Development of the garden, one of the most notable Japanese gardens outside Japan, was a collaborative effort between the Arboretum Foundation and Tokyo government officials in the 1950s. Working from site photos and a topographical map, plans emerged from a team of experienced Japanese designers for an Edo-style stroll garden — a landscape to be experienced from within. A storytelling garden with footsteps revealing a succession of landscape elements and views depicting nature, literature and art. The garden, which opened to the public on June 5, 1960, is managed in partnership by Seattle Parks and Recreation and the Arboretum Foundation.

The garden was designed and built around a traditional teahouse and roji (tea garden) donated to Seattle in 1959 by the people of Tokyo. The structure, which burned in 1973, was reconstructed in 1981 by a Hiroshima-born local craftsman hired to replicate the original teahouse. The new teahouse, named Shoseian (“Arbor of the Murmuring Pines”), opened that spring. Today, the Seattle Japanese Garden hosts one of the most robust tea ceremony programs in North America.

Due to COVID-19, a series of planned celebratory events marking this significant moment in the garden’s history has been rescheduled or shifted online, with rich historical content posting to the garden’s website (seattlejapanesegarden.org), blog and daily updates on various social media channels. As of mid-August, the garden was open to visitors on a timed ticketed entry system (reservations required); tea ceremonies are suspended until further notice.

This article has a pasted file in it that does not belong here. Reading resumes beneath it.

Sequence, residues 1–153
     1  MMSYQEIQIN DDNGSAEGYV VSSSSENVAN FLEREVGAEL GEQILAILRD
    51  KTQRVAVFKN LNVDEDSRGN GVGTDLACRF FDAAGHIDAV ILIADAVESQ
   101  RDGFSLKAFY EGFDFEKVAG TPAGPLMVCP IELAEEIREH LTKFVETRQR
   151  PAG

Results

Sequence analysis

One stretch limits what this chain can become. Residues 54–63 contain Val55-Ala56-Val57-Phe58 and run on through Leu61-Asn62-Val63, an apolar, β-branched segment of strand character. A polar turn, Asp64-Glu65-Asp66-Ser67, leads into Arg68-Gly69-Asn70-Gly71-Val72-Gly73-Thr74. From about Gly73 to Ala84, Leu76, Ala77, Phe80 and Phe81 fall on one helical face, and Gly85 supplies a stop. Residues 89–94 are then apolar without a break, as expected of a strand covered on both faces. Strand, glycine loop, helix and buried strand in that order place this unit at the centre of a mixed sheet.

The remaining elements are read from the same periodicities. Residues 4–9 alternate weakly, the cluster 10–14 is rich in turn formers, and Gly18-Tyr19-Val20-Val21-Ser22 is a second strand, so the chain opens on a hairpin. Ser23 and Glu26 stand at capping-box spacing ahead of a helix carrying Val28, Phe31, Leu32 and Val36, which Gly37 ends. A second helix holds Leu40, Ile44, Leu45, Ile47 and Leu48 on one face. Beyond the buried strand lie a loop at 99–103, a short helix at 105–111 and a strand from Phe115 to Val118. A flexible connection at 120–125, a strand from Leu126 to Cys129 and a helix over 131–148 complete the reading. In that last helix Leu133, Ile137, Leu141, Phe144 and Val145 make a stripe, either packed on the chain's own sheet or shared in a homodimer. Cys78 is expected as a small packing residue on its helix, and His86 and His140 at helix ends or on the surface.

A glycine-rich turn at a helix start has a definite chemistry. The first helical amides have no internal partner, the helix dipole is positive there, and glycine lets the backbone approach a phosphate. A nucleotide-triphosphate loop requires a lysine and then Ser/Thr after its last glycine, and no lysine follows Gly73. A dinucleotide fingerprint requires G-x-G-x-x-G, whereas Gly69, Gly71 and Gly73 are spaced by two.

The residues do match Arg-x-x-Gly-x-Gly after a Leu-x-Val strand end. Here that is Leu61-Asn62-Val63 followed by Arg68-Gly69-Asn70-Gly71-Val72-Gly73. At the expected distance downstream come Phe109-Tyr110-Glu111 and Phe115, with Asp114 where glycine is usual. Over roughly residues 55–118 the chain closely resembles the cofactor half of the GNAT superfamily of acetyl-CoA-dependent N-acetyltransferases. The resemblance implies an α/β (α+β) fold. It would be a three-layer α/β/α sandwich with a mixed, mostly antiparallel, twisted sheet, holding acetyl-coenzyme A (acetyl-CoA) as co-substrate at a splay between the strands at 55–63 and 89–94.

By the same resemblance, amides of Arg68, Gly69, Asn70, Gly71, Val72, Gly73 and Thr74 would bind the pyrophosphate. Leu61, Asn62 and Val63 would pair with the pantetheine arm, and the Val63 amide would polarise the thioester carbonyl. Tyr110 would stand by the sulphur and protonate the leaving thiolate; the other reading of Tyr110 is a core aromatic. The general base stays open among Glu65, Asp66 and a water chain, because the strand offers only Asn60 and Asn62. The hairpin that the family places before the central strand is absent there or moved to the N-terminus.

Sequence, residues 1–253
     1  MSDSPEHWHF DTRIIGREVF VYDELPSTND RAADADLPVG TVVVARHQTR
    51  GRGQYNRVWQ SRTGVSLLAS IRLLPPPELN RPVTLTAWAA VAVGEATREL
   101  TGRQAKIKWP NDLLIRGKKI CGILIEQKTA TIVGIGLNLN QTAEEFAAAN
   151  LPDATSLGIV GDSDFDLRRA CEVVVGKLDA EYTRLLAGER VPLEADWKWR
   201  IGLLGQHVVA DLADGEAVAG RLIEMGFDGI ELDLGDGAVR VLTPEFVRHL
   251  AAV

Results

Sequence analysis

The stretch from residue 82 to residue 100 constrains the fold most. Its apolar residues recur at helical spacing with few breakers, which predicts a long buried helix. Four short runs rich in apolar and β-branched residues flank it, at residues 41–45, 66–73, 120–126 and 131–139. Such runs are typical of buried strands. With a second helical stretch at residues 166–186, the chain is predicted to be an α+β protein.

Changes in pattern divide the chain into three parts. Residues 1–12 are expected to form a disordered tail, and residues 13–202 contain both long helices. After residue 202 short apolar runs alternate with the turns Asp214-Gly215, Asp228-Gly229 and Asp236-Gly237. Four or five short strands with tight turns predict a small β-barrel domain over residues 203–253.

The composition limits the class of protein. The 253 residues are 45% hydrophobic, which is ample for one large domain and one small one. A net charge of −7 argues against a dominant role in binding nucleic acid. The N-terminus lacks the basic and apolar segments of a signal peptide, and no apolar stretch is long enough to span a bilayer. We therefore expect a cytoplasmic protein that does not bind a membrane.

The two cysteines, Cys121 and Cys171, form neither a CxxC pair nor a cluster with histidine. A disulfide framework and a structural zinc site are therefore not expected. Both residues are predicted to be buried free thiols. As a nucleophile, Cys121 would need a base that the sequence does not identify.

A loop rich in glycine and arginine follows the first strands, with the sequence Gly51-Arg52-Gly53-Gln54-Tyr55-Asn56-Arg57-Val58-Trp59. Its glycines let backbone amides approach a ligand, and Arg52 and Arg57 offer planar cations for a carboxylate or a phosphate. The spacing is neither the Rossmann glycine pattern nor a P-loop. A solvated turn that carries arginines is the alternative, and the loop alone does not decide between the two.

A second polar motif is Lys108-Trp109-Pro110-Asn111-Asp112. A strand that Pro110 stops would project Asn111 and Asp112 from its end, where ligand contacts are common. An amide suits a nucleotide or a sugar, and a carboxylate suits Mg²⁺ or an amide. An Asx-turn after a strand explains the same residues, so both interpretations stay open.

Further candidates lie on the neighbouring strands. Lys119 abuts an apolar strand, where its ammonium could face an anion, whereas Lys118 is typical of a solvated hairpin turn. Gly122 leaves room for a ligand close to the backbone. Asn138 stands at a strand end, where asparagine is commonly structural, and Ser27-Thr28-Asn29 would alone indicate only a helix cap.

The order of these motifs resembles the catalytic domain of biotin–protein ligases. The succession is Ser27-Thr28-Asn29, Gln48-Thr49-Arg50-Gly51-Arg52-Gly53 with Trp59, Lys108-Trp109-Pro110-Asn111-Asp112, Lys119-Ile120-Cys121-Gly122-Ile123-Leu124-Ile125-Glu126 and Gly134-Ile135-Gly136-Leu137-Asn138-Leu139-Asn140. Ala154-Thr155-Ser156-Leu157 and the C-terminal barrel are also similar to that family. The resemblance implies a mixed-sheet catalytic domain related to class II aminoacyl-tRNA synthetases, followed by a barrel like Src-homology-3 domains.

In an especially fitting reference to rebirth and resilience, the garden has announced a new partnership with the Green Legacy Hiroshima (GLH) initiative. Created in 2011, the initiative is a global volunteer campaign created to focus attention on the peril of weapons of mass destruction and celebrate the resilience of nature by sharing seeds and saplings from trees that survived the bombing of Hiroshima.

Earlier this year, “peace tree” seeds arrived safely into the care of Ray Larson, Curator of Living Collections with UW Botanic Gardens, who is overseeing a team of professional and volunteer horticulturists who are carefully tending seedlings of Camelia, Celtis, Diospyros, Ginkgo and Ilex. Once the plants are large enough, they will be planted in the Seattle Japanese Garden near plaques describing their important history. “During the last 60 years, the garden has been a welcome source of respite and rejuvenation for the community,” says Jane Stonecipher, Arboretum Foundation executive director. “We hope that the Hiroshima seedlings will continue to serve as a reminder for peace and inspiration in the decades that follow.”

Join the Seattle Japanese Garden in celebrating the past, present

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Inside the Japanese retreat at 28 Mackennal Street in Canberra

Behind the unique front of this 1950s home lies a spectacular ‘Japanese retreat’ – complete with a dreamy bathroom sanctuary, modern decor and an airy open plan living area perfect for entertaining

  • An architect has created an epic oriental retreat fronted by an unassuming façade on a quiet Canberra street
  • The one-of-a-kind home at 28 Mackennal Street in Lyneham was inspired by Japanese interior design
  • Made from Australian-sourced recycled materials, it has four bedrooms, two bathrooms and a four-car garage